APRA has invited industry feedback on a revised remuneration prudential standard based on royal commission recommendations, with changes including eased requirements for smaller institutions while larger organisations face stronger incentives to manage non-financial risks.
The draft standard, Prudential Standard CPS 511 Remuneration, has responded to industry feedback from its initial consultation, setting standards for APRA-regulated entities and addressing relevant royal commission recommendations.
The revised rule has moved to a more principles-based approach, designed to be risk-based and proportionate, with more comprehensive requirements for larger, more complex regulated entities.
The key revisions for significant financial institutions include replacing the 50 per cent cap on financial measures for variable remuneration with a requirement that material weight be assigned to non-financial measures, combined with a risk and conduct modifier that can potentially reduce bonuses to zero.
It also has reduced the minimum deferral periods for variable remuneration from seven to six years for chief executives, from six to five years for senior managers and from six to four years for highly paid material risk takers. The deferral arrangement standards have aimed to allow boards to be able to shrink pay packets for poor risk outcomes.
For smaller financial institutions, remuneration requirements are supposed to be streamlined, to minimise regulatory burden.
Under the revised standard, “non-significant financial institutions” will not be subject to a number of elements, including material weight for non-financial measures, a risk and conduct modifier, minimum deferral periods and clawback.
They will also not have to conduct annual compliance checks or tri-effectiveness reviews of their remuneration frameworks, in an effort to further ease compliance costs.
APRA has highlighted increased transparency as a key component of the reform, with entities to be subject to tougher compliance requirements for remuneration practice disclosure.
The specific reporting standards are yet to be defined through a consultation process, expected to be conducted in late 2021.
APRA deputy chair John Lonsdale said the measures reflect APRA’s long-term commitment to transform governance, culture, remuneration and accountability across institutions.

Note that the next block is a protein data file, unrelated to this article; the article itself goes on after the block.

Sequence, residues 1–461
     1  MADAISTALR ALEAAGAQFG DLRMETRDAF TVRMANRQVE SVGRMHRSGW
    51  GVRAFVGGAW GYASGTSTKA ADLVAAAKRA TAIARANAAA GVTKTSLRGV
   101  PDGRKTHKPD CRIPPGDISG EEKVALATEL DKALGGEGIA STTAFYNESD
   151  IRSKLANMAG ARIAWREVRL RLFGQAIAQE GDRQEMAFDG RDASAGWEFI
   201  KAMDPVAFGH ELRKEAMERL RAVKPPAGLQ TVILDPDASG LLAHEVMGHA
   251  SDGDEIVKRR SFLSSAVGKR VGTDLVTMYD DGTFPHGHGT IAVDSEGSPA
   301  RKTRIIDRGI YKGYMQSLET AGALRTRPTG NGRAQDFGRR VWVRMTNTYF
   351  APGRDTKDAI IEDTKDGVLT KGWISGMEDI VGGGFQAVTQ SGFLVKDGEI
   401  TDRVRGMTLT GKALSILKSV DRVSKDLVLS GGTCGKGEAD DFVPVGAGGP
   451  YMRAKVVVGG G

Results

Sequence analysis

“APRA’s revised standard on remuneration is deliberately principles-based to provide boards with flexibility to tailor remuneration frameworks to their entities,” Mr Lonsdale said.
“However, with this flexibility comes an obligation that boards actively oversee remuneration policies for employees and ensure that there are appropriate consequences when people fail to meet expectations.”
He added that once implemented, the standard is expected to deliver appropriate consequences where material risk incidents occur.
“The standard is designed to promote effective risk management that aligns the interests of customers, shareholders and the broader community, to deliver high performance in a sustainable manner,” Mr Lonsdale said.
The consultation period for the revised standard will close on 12 February 2021. It is scheduled to be finalised mid-year and will come into effect for significant financial institutions that are ADIs on 1 January 2023, before being rolled out for insurance and superannuation significant financial institutions on 1 July 2023.
Non-significant financial institutions will see the standard take effect from 1 January 2024.
Sarah Simpkins is a journalist at Momentum Media, reporting primarily on banking, financial services and wealth.
Prior to joining the team in 2018, Sarah worked in trade media and produced stories for a current affairs program on community radio.
You can contact her on [email protected].